Beware of redundant, state based “cyber crime” legislation

In Georgia, State Bill 315 was introduced in 2018 to criminalize unauthorized computer access.   In addition to the two page bill being overly vague and open to interpretation, unauthorized access was already criminalized by the Computer Fraud and Abuse Act (CFAA), a federal law.  The bill was quickly passed by the House and Senate and, after significant input from the Information Security Community, was vetoed by the Governor. As a new legislative session begins for 2018 – 2019, it is likely that a revised version of SB315 will be introduced. It’s important to understand though that, while a well written law that addresses an unaddressed problem can be a significant public benefit, a poorly written law can be an equally significant public risk.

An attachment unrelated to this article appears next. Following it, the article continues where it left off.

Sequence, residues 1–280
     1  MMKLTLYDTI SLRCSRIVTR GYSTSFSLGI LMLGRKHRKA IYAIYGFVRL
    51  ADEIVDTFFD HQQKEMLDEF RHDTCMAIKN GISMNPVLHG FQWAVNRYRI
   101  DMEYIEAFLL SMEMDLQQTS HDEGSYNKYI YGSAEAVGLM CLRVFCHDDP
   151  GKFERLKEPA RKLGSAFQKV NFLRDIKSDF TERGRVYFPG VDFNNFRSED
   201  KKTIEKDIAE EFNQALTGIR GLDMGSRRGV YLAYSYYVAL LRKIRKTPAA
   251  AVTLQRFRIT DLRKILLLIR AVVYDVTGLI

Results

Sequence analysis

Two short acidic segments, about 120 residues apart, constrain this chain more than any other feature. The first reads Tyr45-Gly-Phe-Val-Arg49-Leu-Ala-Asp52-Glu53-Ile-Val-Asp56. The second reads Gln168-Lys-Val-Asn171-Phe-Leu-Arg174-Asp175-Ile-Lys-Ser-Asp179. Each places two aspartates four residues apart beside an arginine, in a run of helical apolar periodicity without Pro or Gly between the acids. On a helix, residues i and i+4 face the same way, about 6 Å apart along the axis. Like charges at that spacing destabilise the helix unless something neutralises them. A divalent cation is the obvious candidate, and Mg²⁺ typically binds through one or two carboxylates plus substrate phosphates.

The CFAA is a United States federal law that makes accessing a computer without authorization or in excess of authorization a federal crime. The law has been amended a number of times since it was originally enacted in 1984 to maintain relevance and now includes provisions for distribution of malicious code, denial of service attacks and trafficking in passwords or other similar information.

As a federal law, the CFAA can be applied uniformly when a crime extends beyond the borders of a single state, which can be a significant advantage considering the inter-state nature of most Internet communications.

The CFAA has been and continues to be used to successfully prosecute both criminal and civil cases. It has been well written, maintained and can be uniformly applied when crimes extend beyond the borders of individual states.

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